Though COVID-19 deaths have certainly not been limited to nursing homes, the percentage attributed to seniors and healthcare workers in these facilities is overwhelming. Nearly 70,000 nursing home residents and employees have lost their lives to COVID-19, and that these cases represent 41% of all U.S. deaths.
Given that COVID-19 is more likely to be fatal among seniors, especially those with underlying health conditions who tend to need nursing home care, the above numbers aren't completely shocking. But it's also fair to say that nursing homes will, in the coming years, need to change the way they operate to avoid repeat scenarios.
After all, it's not just pandemics that nursing homes need to worry about. Seasonal infections, like the flu, and other ailments can spread all too easily in these environments, especially given the number of healthcare employees who work at more than one facility. As such, in the near future, nursing home operators will have to spend a lot more money to ensure their facilities are safe, and that's apt to impact investors financially. Here are a few specific changes to look out for.
1. Higher wages for employees
It's estimated that 15% of direct-care workers live below 100% of the federal poverty line and nearly half live below 200% of poverty, according to PHI, a healthcare nonprofit. But given the risks associated with working in these facilities, nursing homes may need to up the ante to attract quality workers. And clearly, it's in their best interest to do so.
Furthermore, nursing homes are notoriously understaffed, which often leads to critical errors in patient care (again, not just during pandemics, but in general). That issue, too, will likely need to be addressed in the near term, which could cause nursing homes to incur added expenses.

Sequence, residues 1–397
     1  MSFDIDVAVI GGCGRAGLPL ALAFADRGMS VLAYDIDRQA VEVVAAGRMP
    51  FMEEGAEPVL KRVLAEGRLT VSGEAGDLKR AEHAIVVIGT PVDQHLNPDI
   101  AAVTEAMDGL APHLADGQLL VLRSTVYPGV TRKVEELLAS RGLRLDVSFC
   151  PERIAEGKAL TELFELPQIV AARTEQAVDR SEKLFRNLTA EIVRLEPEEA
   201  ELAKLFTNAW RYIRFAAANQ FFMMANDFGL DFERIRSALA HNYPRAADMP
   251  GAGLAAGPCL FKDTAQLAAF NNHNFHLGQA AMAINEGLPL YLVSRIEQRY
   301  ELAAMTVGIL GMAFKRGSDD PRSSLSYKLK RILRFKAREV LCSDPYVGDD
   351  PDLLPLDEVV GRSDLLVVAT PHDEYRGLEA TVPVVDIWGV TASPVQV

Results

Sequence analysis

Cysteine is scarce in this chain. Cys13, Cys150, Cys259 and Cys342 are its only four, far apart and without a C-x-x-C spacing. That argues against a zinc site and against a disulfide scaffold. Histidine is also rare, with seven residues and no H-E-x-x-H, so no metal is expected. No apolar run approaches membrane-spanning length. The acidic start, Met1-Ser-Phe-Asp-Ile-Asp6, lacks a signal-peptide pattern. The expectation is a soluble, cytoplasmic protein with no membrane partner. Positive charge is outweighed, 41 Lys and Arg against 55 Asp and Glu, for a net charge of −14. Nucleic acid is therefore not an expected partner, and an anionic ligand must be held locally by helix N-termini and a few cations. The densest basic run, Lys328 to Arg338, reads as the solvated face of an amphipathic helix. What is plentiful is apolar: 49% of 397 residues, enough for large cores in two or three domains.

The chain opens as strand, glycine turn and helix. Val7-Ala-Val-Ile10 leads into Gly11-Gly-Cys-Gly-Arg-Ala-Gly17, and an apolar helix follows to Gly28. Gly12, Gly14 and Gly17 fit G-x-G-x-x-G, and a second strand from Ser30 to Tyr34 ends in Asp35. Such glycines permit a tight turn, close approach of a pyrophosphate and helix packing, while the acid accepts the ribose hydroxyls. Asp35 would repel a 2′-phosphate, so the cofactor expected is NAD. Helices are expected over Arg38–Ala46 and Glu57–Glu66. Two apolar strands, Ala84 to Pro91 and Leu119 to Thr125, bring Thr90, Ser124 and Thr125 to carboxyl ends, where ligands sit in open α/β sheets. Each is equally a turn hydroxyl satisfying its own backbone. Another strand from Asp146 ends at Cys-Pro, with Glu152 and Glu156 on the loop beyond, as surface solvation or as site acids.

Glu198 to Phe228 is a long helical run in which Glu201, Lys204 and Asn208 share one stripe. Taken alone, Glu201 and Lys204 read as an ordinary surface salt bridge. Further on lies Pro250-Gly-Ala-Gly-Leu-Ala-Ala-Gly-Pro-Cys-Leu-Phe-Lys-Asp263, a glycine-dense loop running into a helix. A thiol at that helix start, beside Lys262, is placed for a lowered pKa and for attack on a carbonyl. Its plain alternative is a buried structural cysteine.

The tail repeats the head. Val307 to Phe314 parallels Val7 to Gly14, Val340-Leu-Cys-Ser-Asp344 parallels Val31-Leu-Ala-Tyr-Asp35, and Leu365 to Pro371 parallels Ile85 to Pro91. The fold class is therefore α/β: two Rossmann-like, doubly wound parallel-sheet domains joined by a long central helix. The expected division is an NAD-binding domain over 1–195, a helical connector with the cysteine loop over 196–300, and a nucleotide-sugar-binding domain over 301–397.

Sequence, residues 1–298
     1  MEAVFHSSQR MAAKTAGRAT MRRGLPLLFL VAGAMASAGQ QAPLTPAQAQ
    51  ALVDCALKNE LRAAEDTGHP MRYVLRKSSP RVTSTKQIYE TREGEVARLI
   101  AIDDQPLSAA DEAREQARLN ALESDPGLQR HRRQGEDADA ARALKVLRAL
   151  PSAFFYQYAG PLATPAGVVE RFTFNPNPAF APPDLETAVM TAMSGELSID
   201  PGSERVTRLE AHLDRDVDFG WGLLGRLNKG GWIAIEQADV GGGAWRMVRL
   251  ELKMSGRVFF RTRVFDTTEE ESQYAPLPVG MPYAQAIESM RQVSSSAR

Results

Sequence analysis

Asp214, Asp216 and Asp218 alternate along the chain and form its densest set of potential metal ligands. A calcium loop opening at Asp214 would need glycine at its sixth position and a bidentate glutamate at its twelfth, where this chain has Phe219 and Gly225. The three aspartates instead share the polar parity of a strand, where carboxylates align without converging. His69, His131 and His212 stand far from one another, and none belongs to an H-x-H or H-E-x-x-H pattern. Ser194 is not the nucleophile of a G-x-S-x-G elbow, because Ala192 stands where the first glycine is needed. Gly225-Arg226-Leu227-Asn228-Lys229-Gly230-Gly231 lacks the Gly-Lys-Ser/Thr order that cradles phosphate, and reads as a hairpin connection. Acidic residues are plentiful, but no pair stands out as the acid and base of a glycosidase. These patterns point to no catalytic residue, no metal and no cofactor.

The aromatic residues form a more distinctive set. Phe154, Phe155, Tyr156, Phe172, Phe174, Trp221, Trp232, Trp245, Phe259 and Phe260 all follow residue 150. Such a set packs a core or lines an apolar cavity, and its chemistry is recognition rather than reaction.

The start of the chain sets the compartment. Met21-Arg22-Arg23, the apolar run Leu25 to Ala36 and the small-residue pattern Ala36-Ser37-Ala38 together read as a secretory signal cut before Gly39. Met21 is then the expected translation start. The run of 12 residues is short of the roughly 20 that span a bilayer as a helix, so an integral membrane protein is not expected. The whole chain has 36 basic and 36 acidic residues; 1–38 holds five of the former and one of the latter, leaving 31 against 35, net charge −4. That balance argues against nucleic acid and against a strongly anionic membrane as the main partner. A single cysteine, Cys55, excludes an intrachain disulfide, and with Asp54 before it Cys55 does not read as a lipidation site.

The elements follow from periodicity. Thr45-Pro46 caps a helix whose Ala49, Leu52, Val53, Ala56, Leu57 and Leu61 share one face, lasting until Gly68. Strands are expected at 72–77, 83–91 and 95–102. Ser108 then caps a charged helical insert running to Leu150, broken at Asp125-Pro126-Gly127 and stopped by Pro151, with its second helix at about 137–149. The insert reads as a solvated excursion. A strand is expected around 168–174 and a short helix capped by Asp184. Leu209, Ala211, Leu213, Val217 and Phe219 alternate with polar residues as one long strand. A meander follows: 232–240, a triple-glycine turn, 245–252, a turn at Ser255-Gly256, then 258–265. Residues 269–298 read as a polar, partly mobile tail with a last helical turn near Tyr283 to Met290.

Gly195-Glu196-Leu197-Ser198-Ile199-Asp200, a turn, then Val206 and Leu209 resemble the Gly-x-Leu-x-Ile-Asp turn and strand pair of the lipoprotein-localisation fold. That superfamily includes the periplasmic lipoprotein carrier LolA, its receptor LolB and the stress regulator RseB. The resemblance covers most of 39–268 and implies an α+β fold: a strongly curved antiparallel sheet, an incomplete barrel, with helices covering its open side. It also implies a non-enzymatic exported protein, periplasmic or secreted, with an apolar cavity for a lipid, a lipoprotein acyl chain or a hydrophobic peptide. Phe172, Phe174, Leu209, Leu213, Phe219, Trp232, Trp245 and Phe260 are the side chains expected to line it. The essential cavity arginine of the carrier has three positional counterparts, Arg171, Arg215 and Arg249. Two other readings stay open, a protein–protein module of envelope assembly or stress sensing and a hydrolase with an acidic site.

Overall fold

2. Better sanitation and safety protocols
Proper sanitation is crucial during pandemics and normal times alike. But in light of the COVID-19 crisis, many facilities will likely rethink their protocol and start investing in better sanitizing measures to keep residents and workers safe. And to be clear, we're not just talking about more sanitizing stations in common areas. Part of the process could involve having workers change uniforms or gear more frequently, which will also cost money.
3. Better filtration
Health experts seem to agree that COVID-19 can linger in the air, posing a hazard even in situations where there's no direct contact with an infected individual. As such, nursing homes might seek to improve their air quality and filtration, which could run the gamut from overhauling their HVAC systems to installing air purifiers in individual rooms.
Investors will bear the cost
At the end of the day, nursing home owners and investors should expect to absorb many of the above costs themselves. On a national level, the average yearly price tag for a shared room in a nursing home is $90,155, according to Genworth. For a private room, it's $102,200. Many families can't afford to pay more to house their loved ones in nursing homes, and so facilities that attempt to pass the cost of the aforementioned changes onto residents may find themselves faced with vacancies instead. As such, those who are currently invested in nursing homes should be mindful of what's to come -- and think about how it will impact their bottom line.